Jan 11,2008 00:00
If you want to pinpoint exactly where the music industry is going in this increasingly digital age, good luck. You might fare better if you tried to figure out when aliens will abduct Britney Spears (assuming they haven't already) and whether this will help or hurt her career and the fortunes of her record company.
That's easier said than done, especially at a time of so much upheaval. On this point, if no other, most experts agree.
"It's a mistake to try to predict the future," said Bob Lefsetz, a Los Angeles attorney and outspoken music industry critic via his blog. "But one thing is for sure: The future paradigm will be more people owning more music for less money."
In fact, that future appears to already be present. With digital music, podcasts and legal and illegal file-sharing now the norm, fans have more ways than ever to sample and obtain music.
Likewise, artists have more ways to be heard, seen and distribute their music. They also have more ways to get lost in the shuffle, with or without an iPod.
Options include MySpace, SpiralFrog, Last.fm, YouTube, TorrentSpy, CD Baby, iTunes, Morpheus, Pirate Bay, Rhapsody and Pandora, to name just a few of thousands of sites available to tens of millions of music-savvy Web surfers. These sites are changing not just the distribution of music, but the entire industry that produces and markets it, if not the musicians themselves.
Arena-rock band Journey, which debuted in 1973, announced recently that it had selected its new frontman, Arnel Pineda of the Philippines, after watching performance videos by dozens of unknown singers on YouTube.
Factor in ring tones, widgets and a music-on-demand market that seems to grow bigger by the day, and it becomes clear the physical world of music has been irrevocably changed by the virtual world.
One notable new development is the integration of the subscription-based music service Rhapsody with MOG.com1, a Web site where music fans can read, blog, network with each other and index up to 10,000 songs an hour on their individual MOG pages. The multimedia company Nokia, meanwhile, will next year introduce Comes With Music, a new program that offers buyers of select Nokia phones a year of free, downloadable music.
But with more options come more challenges. And, while experts dispute trends and what to make of them, the figures speak very loudly on their own.
Figures like the dizzying 17 percent dip in album sales in 2007, following several years of double-digit declines that have the record industry in a potentially fatal tailspin. And figures like the approximately 8 million solo artists, bands and DJs worldwide who promote their music through their individual pages on MySpace, which bills itself as a "lifestyle portal" that connects people and helps them discover popular culture.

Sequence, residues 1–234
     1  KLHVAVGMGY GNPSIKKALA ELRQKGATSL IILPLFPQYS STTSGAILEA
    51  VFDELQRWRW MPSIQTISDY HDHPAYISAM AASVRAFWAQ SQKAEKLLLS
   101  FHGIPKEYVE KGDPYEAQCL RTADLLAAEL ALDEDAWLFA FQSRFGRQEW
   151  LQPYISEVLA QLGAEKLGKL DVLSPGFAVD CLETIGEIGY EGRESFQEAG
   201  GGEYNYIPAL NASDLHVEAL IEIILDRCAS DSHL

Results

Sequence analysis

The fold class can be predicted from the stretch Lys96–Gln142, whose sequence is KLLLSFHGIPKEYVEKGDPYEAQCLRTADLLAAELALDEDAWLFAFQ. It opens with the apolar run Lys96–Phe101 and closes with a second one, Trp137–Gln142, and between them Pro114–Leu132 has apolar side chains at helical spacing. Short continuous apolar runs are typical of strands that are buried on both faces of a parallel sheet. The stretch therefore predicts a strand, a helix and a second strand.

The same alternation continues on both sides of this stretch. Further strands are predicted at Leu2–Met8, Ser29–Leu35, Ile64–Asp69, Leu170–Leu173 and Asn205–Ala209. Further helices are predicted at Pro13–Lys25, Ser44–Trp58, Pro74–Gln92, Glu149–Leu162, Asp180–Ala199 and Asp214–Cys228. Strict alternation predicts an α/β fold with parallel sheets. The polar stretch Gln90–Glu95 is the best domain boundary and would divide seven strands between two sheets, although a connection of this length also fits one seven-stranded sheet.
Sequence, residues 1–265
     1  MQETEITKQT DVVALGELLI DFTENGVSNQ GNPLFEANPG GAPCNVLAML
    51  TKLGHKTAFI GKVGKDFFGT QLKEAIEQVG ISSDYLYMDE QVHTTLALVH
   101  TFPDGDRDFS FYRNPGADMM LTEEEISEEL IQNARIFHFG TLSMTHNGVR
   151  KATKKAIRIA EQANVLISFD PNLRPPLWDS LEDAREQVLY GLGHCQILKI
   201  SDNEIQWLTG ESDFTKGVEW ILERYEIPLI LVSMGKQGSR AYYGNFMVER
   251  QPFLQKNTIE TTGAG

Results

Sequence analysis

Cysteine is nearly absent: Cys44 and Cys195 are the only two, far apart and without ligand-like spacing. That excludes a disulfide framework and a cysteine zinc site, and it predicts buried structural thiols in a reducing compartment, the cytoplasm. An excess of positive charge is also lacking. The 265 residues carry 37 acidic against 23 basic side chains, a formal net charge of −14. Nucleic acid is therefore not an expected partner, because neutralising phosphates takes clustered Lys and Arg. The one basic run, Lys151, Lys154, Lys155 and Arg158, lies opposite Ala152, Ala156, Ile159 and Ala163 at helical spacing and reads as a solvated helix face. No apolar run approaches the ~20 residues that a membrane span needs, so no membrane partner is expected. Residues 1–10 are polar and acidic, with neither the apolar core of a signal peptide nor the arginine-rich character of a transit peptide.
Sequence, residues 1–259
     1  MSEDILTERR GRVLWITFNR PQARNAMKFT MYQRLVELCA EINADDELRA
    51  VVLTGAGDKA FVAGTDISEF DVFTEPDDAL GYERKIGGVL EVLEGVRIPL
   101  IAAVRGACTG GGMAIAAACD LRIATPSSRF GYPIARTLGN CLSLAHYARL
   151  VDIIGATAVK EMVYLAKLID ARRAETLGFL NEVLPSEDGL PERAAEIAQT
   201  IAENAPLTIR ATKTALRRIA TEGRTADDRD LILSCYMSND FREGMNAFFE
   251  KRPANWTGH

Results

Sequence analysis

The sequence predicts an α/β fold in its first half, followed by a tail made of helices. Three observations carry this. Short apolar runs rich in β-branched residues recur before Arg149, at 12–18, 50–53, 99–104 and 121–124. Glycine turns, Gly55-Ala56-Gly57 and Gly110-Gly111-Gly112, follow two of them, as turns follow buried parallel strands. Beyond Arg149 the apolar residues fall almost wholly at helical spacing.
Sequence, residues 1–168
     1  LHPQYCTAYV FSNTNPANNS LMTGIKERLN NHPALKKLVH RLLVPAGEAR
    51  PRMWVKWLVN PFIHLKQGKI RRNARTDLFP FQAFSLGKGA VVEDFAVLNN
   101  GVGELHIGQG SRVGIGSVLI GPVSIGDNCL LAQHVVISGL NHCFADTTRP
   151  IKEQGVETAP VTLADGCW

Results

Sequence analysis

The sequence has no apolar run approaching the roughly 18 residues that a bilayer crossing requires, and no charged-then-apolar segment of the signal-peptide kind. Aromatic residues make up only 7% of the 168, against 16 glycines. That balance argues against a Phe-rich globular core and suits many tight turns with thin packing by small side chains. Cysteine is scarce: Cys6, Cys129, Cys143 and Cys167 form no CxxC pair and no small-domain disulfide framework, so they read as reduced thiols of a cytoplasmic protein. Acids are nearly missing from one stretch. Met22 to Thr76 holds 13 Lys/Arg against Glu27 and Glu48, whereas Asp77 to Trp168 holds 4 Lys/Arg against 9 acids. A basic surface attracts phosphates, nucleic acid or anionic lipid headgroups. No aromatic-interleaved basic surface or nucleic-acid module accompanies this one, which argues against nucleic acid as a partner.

In theory, this suggests the kind of utopian ideal even Karl Marx might have sanctioned - a world in which all bands have equal opportunity to be heard, even if few people have heard of these bands.
Take Frantic Dwarf, an obscure German-American rock band that broke up in 1974, recently reunited and launched a MySpace page.
The group's drummer, Chip Greenman, 55, recorded an album for Epic Records in 1968 as a member of Fuse, which featured two future members of Cheap Trick. He believes Frantic Dwarf would have fared better in the 1970s with the Internet.
"It opens up the creativity right at the band level to let us explore any idea we come up with, as opposed to the old days when the record company dictated what you looked and sounded like," Greenman said, "Now, we can build a fan base without even leaving our living room. We don't need a record contract to be heard."
Members of such major-label bands as Tool and Weezer used live Web interviews on MySpace to preview new solo projects. Younger acts like Malibu's Colbie Caillat and London's Lily Allen credit MySpace with helping propel them to stardom, while pop favorite John Mayer points to fans trading files of his music online as an early key to his success.
But not everyone believes the Web has much artistic, as opposed to promotional, value.
"MySpace is about getting laid, not music," charged music biz veteran Lefsetz. "So, in terms of making it on MySpace and becoming a superstar, as opposed to developing a new act, it's not going to happen."
Sean Kingston hopes otherwise. The 17-year-old vocalist credits his MySpace page for helping him secure his deal with Sony Records, which led to his ubiquitous 2007 summer hit, "Beautiful Girls."
"MySpace played a huge role in getting my career started," said Kingston, whose community of fans includes the 357,610 "friends" on his MySpace page.
"A lot of young artists can get discovered on MySpace. It makes it a lot easier to get connected."
But if social networks like MySpace, Facebook and YouTube are redefining the music industry by creating a more level playing field, that field has become inordinately large.